Russia - still Europe or already Asia?

There are many reasons why the vast majority of our society has a negative attitude toward Russians and their culture. Some of them, such as historical considerations, are quite understandable - after all, it's hard for us to be fond of a nation that in the XVIII century appropriated our territories and less than two hundred years later occupied our country, impeding economic growth. However, it must be admitted that Russians and Poles, belonging to one cultural circle, have definitely more in common than many other European nations.

Our shared history may not be an example of successful cooperation, but no one can deny that our worldviews and approaches to professional life are very different. This fact makes exporting to one of the largest countries in the world, whose nation is so close to us, can be a ticket to success for Polish entrepreneurs.

However, in order to state this objectively, it is necessary to check whether the indicators indicating the situation in the Russian economy support this thesis. The country's GDP grew continuously from 2006 until the unlucky year of 2009, recording an average increase of 7% per year. At an even higher level was, unfortunately, inflation, the level of which has not fallen below 8% since 2003. Also to be considered is the structure of the Russian economy, which has not changed for many years - although services account for an increasing percentage of GDP, industry is still a very important link there, accounting for as much as 37% of GDP. Russia is also an important part of international trade, with its export commodities being primarily energy resources such as natural gas and oil. Surprisingly, the highest level of GDP per capita is recorded in the eastern regions, where the vast majority of us would not expect it. The rate in the western regions, territorially closer to the European Union, is considerably lower, not taking into account the Moscow district, of course.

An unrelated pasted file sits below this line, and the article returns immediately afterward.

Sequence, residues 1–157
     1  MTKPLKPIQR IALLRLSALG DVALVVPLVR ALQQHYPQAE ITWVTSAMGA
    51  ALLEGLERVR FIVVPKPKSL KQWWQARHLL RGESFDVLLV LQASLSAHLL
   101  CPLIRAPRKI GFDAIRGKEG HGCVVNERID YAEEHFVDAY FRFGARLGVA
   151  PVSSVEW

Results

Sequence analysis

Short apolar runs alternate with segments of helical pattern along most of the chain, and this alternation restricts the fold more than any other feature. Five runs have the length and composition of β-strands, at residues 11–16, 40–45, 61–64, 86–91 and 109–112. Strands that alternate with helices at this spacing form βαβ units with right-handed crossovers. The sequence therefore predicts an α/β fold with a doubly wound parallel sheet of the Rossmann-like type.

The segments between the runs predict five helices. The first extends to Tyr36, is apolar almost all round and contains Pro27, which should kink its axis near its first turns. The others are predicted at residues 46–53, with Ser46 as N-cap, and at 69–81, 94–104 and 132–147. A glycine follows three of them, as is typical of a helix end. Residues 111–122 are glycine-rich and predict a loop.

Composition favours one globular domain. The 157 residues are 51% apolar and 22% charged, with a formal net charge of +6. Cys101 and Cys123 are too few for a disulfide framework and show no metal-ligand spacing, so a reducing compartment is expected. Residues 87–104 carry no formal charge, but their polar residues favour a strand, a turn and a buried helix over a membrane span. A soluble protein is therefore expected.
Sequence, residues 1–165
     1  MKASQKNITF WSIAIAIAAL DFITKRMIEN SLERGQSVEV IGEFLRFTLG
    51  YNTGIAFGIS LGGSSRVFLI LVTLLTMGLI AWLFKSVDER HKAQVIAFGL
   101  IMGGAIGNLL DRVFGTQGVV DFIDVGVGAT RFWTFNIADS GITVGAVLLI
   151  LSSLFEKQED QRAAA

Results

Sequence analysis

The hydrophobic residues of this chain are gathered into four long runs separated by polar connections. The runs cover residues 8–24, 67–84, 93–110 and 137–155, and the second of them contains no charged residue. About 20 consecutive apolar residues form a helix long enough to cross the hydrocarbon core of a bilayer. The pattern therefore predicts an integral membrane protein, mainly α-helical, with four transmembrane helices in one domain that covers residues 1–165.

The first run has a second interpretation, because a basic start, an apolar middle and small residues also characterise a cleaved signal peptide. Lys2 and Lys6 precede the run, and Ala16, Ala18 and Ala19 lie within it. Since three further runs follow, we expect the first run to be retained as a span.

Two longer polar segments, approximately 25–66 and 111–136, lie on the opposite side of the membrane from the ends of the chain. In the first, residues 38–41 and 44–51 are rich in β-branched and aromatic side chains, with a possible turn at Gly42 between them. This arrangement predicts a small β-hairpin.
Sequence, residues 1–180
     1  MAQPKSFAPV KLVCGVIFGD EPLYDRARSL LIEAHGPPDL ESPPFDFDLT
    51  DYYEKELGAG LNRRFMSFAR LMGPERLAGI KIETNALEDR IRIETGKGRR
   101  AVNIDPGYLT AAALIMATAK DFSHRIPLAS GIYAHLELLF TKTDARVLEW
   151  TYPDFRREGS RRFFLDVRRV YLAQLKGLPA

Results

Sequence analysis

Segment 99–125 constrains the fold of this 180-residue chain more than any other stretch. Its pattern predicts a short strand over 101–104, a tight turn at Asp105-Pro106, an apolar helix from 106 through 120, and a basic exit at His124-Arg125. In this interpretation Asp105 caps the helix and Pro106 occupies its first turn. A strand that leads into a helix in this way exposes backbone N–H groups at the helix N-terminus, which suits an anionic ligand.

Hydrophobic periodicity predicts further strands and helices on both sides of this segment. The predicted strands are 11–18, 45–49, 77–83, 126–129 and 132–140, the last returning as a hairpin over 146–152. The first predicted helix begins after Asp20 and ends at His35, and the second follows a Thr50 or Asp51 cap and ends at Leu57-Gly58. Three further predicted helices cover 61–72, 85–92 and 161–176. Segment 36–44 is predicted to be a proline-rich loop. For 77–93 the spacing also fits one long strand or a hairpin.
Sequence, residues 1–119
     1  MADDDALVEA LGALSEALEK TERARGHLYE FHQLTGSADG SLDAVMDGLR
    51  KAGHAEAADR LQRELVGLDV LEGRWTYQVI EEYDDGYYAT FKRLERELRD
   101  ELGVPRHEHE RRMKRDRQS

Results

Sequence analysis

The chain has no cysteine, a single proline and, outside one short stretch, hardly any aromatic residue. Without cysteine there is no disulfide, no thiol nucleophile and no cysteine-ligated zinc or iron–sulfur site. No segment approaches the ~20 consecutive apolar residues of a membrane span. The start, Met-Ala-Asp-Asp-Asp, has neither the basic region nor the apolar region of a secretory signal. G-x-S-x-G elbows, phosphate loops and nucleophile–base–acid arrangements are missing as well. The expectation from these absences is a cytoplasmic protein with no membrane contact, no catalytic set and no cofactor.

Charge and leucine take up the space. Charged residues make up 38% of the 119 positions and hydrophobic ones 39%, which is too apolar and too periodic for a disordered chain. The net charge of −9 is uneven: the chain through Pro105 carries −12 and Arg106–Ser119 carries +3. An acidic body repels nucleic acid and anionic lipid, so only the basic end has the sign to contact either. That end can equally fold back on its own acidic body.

However, when wishing to export to this market, the Polish entrepreneur must take into account the considerable diversity of Russian society. It is particularly large in terms of ethnicity - native Russians account for less than 80% - the remaining 20% are the diverse peoples of Eastern Europe and Central Asia. Religious diversity is also very high in the country - according to various surveys, Christians make up only about 70% of the population here, with more than 50% of them Orthodox Christians. Another 15% of the population are Muslims, and the remaining percentage are followers of religions that do not refer to the concept of gods, such as Buddhism.

All these features of society and the fact that it is increasingly beginning to draw on Western European models have a significant impact on its preferences and the way it makes purchases. According to a report published on pmoney.ru, as many as 80% Russians purchase a lot of useless things, which indicates the growing consumption level of this society and has a positive impact on the level of income the country receives. An equally positive factor is the increase in the amount of the population living in cities - the urbanization rate currently stands at 73.1% and is expected to increase over the next dozen years or so.

However, when wishing to export any products, the Polish entrepreneur should take into account the large territorial diversity of the country. He needs to distinguish the regions where demand for his products may be greatest, as each of them has its own peculiarities. There are also considerable differences in the degree of wealth of the population, reaching the highest levels in the heart of the country - Moscow. At the other extreme are small towns, with up to a few tens of thousands of residents, making their living from working at a single industrial plant - the so-called 'monogorods' are currently the bane of the Russian government, which is unable to cope with declining factories that provide a livelihood for the entire city. They are slowly becoming large apartment blocks, frightening not only in their appearance, but also in their lack of prospects and widespread poverty.

Despite these problems that Russians are currently facing, there are many regions that are attractive to our Polish entrepreneurs. The cultural similarity, which makes it easier for us to cooperate with them, makes starting exports to Russia a great opportunity for domestic companies. The only thing that needs to be done is not to waste this chance and to carefully analyze where it is most profitable for us to sell our products.

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